Mother’s Day: Another View & A List

So, I’m about to talk about Mother’s Day again. I completely understand if you want to leave the room.

I’ve seen a lot of social media posts in the past few days addressing how to compassionately address Mother’s Day for moms who have lost a child. It’s an important topic that doesn’t get enough attention. Because of my history, I can tell you there is another underrepresented class of mother aching on Mother’s Day. It is mothers who have lost their children in court. Like me, they’ve lost access to their children in custody battles that are often contentious and heartbreaking.

These mothers are often misunderstood because there is an assumption they’ve done something inexcusable, like abuse, in order to have lost custody. In my case, it was a combination of my mental illness history, testimony of my vengeful parent, and not being able to keep up monetarily with the other side. I’m not sure I can adequately explain how awful it is when – and it really happens often — acquaintances and strangers alike assume I have custody of Mini-Me.

I’ve made my list of things to say to and consider for non-custody mothers on Mother’s Day. Whatever you say, it is imperative to keep kindness at the forefront. These woman, and I count myself among them, are hurting in a deep way. Six years after the ruling, my heart still hurts every day for my little boy. These women spend their days thinking about their child but not talking about them. When they do talk, it is guarded to protect themselves from seemingly innocuous questions that are invariably painful to answer.

Here’s a little list which I hope will help everyone have a happier Mother’s Day.

Say It: Wish her a Happy Mother’s Day. Whether you have your child or not, it is still Mother’s Day for you. She still gave life to a beautiful little person. Whether I see him every day or alternate weekends, I still think about Mini-Me all the time. I love him every second of every day. The love you feel, the concern you feel, and the pride you feel is no different than any parent in a traditional situation.

Ask: Ask if there’s anything you can do to make this day special. It is still a special day and non-custody moms don’t get the benefit of breakfast in bed or hand-printed cards. It feels even more important because it is so abundantly clear that other people are celebrating this holiday. There are those who would argue that Mother’s Day is a Hallmark holiday. That it really shouldn’t matter. It’s been suggested to me that it’s superficial to have negative feelings about not celebrating with my child. Intellectually, it makes sense but in my heart I want my baby. And I want to be recognized as his mom.

It’s Okay: It’s not a faux pas to ask where my child is on Mother’s Day. I think it’s more hurtful when people pretend I just don’t have a child. It invalidates my journey as a mother. I understand the cause is often because my situation makes them uncomfortable. They don’t know what to say, or want to cause me hurt, so they don’t say anything. For me, it is completely normal that I don’t have my child on that day. That is my life. It is the reality I live in. If you ask, I’m thoroughly prepared to answer. It is true that I don’t really want to tell you more. I don’t want to tell you that my child is celebrating his stepmother. But telling you the status is more comfortable than ignoring the fact he exists.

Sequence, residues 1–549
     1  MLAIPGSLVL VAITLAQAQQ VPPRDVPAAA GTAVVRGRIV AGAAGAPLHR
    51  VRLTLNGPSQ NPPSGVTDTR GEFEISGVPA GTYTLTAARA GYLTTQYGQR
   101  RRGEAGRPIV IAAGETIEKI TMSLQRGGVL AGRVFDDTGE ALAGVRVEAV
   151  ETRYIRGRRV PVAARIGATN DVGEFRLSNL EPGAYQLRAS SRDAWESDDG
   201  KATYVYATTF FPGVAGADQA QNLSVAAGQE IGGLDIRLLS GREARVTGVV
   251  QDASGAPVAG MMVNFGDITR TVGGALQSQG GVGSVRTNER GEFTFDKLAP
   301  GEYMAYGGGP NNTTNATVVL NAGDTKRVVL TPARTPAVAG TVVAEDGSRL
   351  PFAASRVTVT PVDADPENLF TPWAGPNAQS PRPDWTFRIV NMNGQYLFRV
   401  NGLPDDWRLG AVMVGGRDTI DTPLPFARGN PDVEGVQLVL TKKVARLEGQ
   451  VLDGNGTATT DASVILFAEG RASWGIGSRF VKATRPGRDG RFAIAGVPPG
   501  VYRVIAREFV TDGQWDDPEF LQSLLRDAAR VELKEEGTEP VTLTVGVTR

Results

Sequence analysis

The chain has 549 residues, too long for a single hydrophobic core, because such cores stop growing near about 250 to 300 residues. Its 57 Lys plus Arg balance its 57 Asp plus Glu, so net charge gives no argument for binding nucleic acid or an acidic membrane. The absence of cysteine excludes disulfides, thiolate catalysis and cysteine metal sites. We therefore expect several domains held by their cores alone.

Stay Positive: I understand that my situation keenly strikes most people, especially mothers. Please do not tell me that you feel sorry for me. Keep it to yourself that the situation is horrible. Save it for another day. It is a torture in itself that I don’t know what pajamas my son wears to bed or what he ate for lunch. The horror of my custody situation is brought home to me every single day. I do not need anyone else telling me how bad it seems to them. It is a kindness if you keep your thoughts to yourself. Considerate it a Mother’s Day gift. Instead include me in conversations about your kids or, if you have little ones, hit me up for parenting advice. I’ve got some good experience.

Love Me: Please give me an extra long and tight hug. There have been many studies saying that physical affection is an amazing deterrent to emotional pain and depression. So help me out on Mother’s Day (or any day of the year) and give me some extra love. Don’t forget to tell me that you love me. There are very few days on the calendar when I need to hear that more.

Believe it or not, I love Mother’s Day. I think it’s immensely important to celebrate the tireless women who pick us up and brush us off when we fall. They are selfless women who guide us with love and candor. They are the center of our world who, no matter how old we get , we always want when our world is collapsing. So this Mother’s Day, give the mother in your life an extra tight squeeze and let her know how much she means to you. it doesn’t matter whether she is the one who you were born to or if she picked you up and made you her own. The result is the same. A mother’s love is a priceless gift.

I am blessed to have a mother-in-law in my life who scooped me up and made me her own. Judy, aka The Benevolent Mother, thank you so much for all that you do for me, Mini-Me, and The Bearded Gentleman. You are the heart of this family. You are a thoughtful, loving mother and  an amazingly adoring grandmother. Please know we are always grateful for all that you have done and all that you do (especially trying your hardest to feed me!).


Happy Mother’s Day to my little Pickle. He’s no longer this tiny but he’ll always be my baby.


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